The Dowager’s Diary – Week One Hundred Twenty One

June  7-14, 1917

The jolly month of June, 1917 found Kate Shippen Roosevelt in many places.  From her small country farm in Hightstown, New Jersey to her ancestral home, “The Anchorage” located on the shore in Sea Bright, New Jersey, these destinations provided her diary with a different dateline each day, but, much like a homing pigeon, the one place that she always returned to was her grand apartment at 301 Lexington Avenue in the Murray Hill Section of Manhattan.  From here she entertained, discussed Roosevelt Family finances, chaired charity events, held rehearsals for amateur theatrical productions and often dined with her girl-hood chum, Florence Rhett, fondly referred to as “Folly.”  The two often accompanied each other to concerts, recitals and Broadway plays. Since Kate was a widow and “Folly” never married, the two “single ladies” often went out on the town together, sometimes to something extravagant but many times their outings were as simple as a drive in “Folly’s” motor.

Julia Marlowe in her motor car, ca. 1900

Florence Rhett could easily afford to own her own car, something rare for a woman in 1917.  She had been the governess/companion to J.P. Morgan’s three daughters and when he died in 1913 his last will and testament included a gift of $100,000 to Florence Rhett in gratitude for her years of service to his family, enough money to purchase an entire fleet of cars and keep up with her wealthy friend, Kate Roosevelt, former President Theodore Roosevelt’s cousin.

“Folly Rhett had a “tray” dinner with me at 301 Lexington Avenue.  We had a lovely drive in her motor up Riverside Drive and through Bronx Park then through Central Park.”  Two old friends enjoying a summer day in New York City was the scene painted in Kate Roosevelt’s diary on June 7, 1917.

The actress, Julia Marlowe

And speaking of friends, I wondered if they might have driven past the former home of their fellow Colony Club member and chum, the actress Julia Marlowe and reminisced about often seeing her behind the wheel of her open-air motor known as a “Victoria.”  The club, located on Park Avenue was a magnate for the upper crust, politically-connected, civic-minded, actresses and socially-active women in New York City.

Julia Marlowe was a Shakespearean actress who counted among her acclaimed contemporaries, Ethel Barrymore who many considered a bad influence on her friend, Alice Roosevelt, the president’s daughter.

Riverside Drive

Marlowe made her Broadway debut in 1895 and went on to appear in more than seventy productions there.  With the money from her theatrical successes she bought a townhouse known as “River Mansion” at 337 Riverside Drive in 1900 for $60,000. She sold the mansion in 1909 when she married her co-star, E.H. Sothern. The buyer was Lothar W. Faber, president of Eberhard-Faber Pencil Company.  The mansion went through several owners. It eventually became a boarding house and finally went back to being a private residence.

Soldiers and Sailors Monument

In 1917, when Kate Roosevelt and Folly Rhett were motoring along the meandering path along the park they most likely were reminded of its history.  The drive and south end of the park from West 72nd Street to West 125th Street was designed by noted landscape architect, Frederick Law Olmstead and his colleague, Charles Vaux in the 1870s with hopes it would rival ritzy Fifth Avenue.  The residential area was developed by the architect, Clarence F. True featuring rows of elegant mansions designed with elaborate cornices, ornate roofs and gables.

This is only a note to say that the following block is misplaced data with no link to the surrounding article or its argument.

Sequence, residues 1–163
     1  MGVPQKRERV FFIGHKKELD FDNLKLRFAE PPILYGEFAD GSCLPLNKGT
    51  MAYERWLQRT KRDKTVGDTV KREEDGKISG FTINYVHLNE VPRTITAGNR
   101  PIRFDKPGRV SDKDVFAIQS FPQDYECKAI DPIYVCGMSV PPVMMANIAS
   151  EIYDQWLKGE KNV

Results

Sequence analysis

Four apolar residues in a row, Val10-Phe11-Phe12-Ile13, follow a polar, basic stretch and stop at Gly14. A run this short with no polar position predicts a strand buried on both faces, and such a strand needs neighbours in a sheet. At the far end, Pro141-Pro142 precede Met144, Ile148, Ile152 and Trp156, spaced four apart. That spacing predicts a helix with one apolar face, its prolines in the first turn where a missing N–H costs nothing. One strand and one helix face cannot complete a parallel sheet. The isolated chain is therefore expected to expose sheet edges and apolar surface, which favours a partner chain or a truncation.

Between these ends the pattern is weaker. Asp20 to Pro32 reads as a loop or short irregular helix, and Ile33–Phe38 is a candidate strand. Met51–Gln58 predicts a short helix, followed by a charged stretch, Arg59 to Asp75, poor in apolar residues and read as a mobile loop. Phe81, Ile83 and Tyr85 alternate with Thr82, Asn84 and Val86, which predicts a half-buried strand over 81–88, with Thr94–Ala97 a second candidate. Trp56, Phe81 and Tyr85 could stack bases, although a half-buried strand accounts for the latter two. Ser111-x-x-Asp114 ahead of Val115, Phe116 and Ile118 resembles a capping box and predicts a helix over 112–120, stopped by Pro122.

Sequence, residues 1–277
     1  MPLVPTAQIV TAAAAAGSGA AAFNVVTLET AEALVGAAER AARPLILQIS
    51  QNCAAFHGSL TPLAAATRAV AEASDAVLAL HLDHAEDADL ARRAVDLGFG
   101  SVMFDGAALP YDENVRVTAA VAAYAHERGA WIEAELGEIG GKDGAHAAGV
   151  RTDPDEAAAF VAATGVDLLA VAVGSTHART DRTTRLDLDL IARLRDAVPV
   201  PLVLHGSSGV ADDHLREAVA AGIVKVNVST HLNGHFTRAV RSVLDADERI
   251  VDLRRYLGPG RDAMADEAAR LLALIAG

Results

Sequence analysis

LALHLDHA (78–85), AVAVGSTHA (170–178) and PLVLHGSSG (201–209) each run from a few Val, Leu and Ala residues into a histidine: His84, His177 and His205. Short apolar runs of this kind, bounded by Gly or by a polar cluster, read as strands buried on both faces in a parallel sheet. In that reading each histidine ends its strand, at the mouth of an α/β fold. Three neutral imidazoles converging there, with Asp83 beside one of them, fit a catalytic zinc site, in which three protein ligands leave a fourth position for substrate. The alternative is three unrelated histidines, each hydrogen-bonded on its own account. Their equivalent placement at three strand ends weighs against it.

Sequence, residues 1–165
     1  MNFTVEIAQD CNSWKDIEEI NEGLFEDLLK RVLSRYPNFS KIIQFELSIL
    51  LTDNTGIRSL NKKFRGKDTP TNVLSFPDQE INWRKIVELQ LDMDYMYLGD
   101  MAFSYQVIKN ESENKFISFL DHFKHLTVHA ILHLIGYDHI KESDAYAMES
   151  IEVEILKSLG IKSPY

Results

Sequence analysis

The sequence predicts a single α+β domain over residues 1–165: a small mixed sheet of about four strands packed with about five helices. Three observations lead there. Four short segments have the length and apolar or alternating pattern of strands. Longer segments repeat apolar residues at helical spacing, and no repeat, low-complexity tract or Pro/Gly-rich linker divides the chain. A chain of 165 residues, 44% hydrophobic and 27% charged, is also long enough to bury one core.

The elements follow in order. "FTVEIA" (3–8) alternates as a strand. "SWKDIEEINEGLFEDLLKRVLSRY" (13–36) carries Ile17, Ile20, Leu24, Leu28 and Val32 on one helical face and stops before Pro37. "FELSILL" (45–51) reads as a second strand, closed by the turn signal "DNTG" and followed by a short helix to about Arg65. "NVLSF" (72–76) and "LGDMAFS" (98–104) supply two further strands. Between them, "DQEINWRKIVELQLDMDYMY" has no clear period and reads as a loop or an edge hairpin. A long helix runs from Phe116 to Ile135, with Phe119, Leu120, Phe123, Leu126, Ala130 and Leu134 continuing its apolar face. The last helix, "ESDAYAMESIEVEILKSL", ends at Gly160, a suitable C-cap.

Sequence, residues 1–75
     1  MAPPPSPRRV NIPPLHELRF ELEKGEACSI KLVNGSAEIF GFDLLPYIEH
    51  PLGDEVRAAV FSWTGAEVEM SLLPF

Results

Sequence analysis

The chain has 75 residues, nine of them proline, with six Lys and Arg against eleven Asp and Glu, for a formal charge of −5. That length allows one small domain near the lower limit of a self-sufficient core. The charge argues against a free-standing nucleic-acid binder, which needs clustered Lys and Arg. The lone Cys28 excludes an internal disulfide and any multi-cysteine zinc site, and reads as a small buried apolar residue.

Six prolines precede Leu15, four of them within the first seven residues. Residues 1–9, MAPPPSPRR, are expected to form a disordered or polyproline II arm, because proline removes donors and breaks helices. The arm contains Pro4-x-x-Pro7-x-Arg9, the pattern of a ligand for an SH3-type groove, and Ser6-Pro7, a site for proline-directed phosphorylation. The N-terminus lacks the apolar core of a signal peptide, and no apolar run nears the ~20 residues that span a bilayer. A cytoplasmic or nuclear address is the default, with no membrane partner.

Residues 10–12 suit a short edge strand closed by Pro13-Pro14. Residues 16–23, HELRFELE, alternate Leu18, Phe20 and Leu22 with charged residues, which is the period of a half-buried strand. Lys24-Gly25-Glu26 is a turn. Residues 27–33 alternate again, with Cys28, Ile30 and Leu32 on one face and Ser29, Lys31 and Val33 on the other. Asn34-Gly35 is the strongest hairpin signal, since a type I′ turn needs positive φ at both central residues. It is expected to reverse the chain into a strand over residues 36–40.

The Soldiers and Sailors Monument at 89th Street was a tourist attraction and often crowded with visitors wanting to pay homage to the Union Soldiers who fought in the Civil War.  The white marble structure, known as the “Temple of Fame” was erected in 1902.

Visitors to the Soldiers and Sailors Monument

Their drive gave the two friends plenty of sights to see, memories to share and stories to tell.  One in particular that probably made the two sedate socialites shudder was the tale of Number 3 Riverside Drive. Built in 1896 by Philip and Maria Kleeberg, the eighteen-room limestone mansion was designed by society architect, Charles Pierrepont H. Gilbert in a style befitting its owner.  Kleeberg was a wealthy lace merchant who also invented the calculator.  He was successful in business but not his personal life.  In 1903, his wife, Maria excused herself as hostess of a dinner party and locked herself in her bedroom where she committed suicide by drinking carbolic acid.

The Kleeberg Mansion

When Kate and Flossy drove by the mansion that featured on its roof a marble cherub holding a basket of fruit they most likely admired its architecture but were appalled at the turn of events the home had been exposed to.  Since 1916, its owner, Dr. William Wellington Knipe had been running an experimental twilight sleep sanitarium from its hallowed halls.  Neighbors were appalled and filed a lawsuit.  They wanted him out and their peace and quiet restored.

Not ones to get involved with controversy, the ladies continued their drive, ending at the sedate surroundings of Central Park, another beautiful spot designed by Frederick Law Olmstead and Charles Vaux.

Sharon Hazard’s Dowager’s Diary appears every Thursday.

Opening Photo:
Riverside Drive
Ephemeral New York, public domain, postcard

Photo One:
Julia Marlowe in her motor, ca 1900
Corbis, public domain

Photo Two:
The actress, Julia Marlowe
Museum City of New York

Photo Three:
Riverside Drive
postcard, public domain

Photo Four:
Soldiers and Sailors Monument
postcard, public domain

Photo Five:
Visitors to Soldiers and Sailors Monument
Museum City of New York

Photo Six:
Kleeberg Mansion Riverside Drive
public domain